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Apparently LibreOffice tries to use ISO-8859-1 by default, which is causing the problem. In response to this bug report, a new parameter --infilter has been added. The following command produces U+2014 em dash: libreoffice --convert-to csv --infilter=CSV:44,34,76,1 --headless --outdir dir file.xlsx I tested this with LO 5.0.3.2. From the bug report, it ...


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You could try, $ libreoffice --convert-to \ > csv:"Text - txt - csv (StarCalc)":"44,34,0,1,,0" \ > --headless --outdir dir file.xlsx Here, you have a very detailed help about.


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You have probably figured out the answer for yourself by now. However, if anyone happens to google your question and end up here, the following steps fixed it for me: Navigate into your System Settings → Languages → Input Methods. If "IBus" is not available in the "Input Method" drop-down menu, click the "Add Support for IBus" button. Else, continue to ...


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Hello Googler from the future! I have found a fix with the help of this post , hopefully it will work for you: Open up your System Settings then go to Languages → Input Methods. On the dropdown menu in the "Input Method" section select "IBus". If the option is not avaible, click the "Add support for IBus" button, then do step 2. Restart your machine.


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For one-line strings, the GNU implementation of wc has a -L (a.k.a. --max-line-length) option that does exactly what you're looking for (except the control chars).


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That is actually four questions: How do I know their code points? Some sort of regex? How do I count how many character cells a string takes? How do I erase everything that was outputted? OP mentions xterm, but only the last two are possibly specific to xterm. For (1) and (2), the echo command is not much help. You are better off using printf, which ...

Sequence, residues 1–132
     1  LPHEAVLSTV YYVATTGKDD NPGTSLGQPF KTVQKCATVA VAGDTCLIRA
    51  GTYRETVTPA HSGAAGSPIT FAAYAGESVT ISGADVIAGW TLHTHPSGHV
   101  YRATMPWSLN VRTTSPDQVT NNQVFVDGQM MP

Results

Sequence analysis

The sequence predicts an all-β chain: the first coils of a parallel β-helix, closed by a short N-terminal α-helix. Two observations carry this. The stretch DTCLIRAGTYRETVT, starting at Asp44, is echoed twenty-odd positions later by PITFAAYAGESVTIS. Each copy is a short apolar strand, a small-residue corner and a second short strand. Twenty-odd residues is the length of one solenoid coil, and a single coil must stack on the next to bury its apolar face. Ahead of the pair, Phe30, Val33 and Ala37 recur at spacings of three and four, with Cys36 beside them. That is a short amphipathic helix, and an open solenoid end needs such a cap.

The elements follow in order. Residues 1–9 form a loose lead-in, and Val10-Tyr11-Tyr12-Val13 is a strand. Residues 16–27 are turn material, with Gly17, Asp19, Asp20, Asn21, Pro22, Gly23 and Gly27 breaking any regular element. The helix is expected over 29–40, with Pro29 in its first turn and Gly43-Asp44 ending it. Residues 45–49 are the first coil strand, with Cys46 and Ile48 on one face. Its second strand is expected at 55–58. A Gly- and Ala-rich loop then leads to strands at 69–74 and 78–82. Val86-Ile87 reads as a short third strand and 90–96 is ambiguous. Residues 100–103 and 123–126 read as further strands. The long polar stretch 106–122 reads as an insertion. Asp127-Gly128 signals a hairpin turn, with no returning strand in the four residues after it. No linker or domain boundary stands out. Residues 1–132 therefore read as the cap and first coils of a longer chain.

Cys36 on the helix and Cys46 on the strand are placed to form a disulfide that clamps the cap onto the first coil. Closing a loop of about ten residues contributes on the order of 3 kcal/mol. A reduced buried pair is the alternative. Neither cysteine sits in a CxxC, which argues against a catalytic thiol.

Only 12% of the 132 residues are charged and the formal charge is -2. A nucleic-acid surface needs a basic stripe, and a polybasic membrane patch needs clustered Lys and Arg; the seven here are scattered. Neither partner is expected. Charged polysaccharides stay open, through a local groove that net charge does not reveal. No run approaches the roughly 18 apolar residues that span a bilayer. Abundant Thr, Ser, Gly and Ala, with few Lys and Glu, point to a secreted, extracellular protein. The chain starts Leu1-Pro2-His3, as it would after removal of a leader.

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To expand on the hints at possible solutions using col and ksh93 in my question: Using the col from bsdmainutils on Debian (may not work with other col implementations), to get the width of a single non-control character: charwidth() { set "$(printf '...%s\b\b...\n' "$1" | col -b)" echo "$((${#1} - 4))" } Example: $ charwidth x 1 $ charwidth ...


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I found a python library, fonttools (pypi) that can be used to do it with a bit of python scripting. Here is a simple script that lists all fonts that have specified glyph: #!/usr/bin/python from fontTools.ttLib import TTFont import sys char = long(sys.argv[1], base=0) print u"Looking for U+%X (%c)" % (char, unichr(char)) for arg in sys.argv[2:]: ...


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Uh, sure, just use export (works in any Bourne-style shell), or typeset -x, or a few other variants. To print specific variables, you can use typeset -p VAR1 VAR2 VAR3. These all print the values in a quoted form that can be re-read by zsh. If you want just VARIABLE=VALUE even if the value contains special characters, you can write a function: zprintenv () ...


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Perhaps there isn't one because it would be non-POSIX. Further reading: getenv - Environment variable on Mac OS X and Linux Getting environment Variables as UTF-8 Strings in Linux Granted, zsh could implement an extension, but unless other applications can read the variables, they are of limited use. Shell variables and environment variables are ...


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Answering my own question: in gentoo you have to build urxvt with unicode3 and vanila USE flags, and without alt-font-width flag


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You can use Compose s o (as well as a few other synonymous sequences) to obtain the character §. This is both shorter and more mnemonic than Shift+Ctrl+u a7 enter (you didn't mention pressing Enter but I had to do that do get it to work for me). The compose sequences are meant to be easy to remember, such as + - for ± or e ' for é. IMHO that's certainly ...



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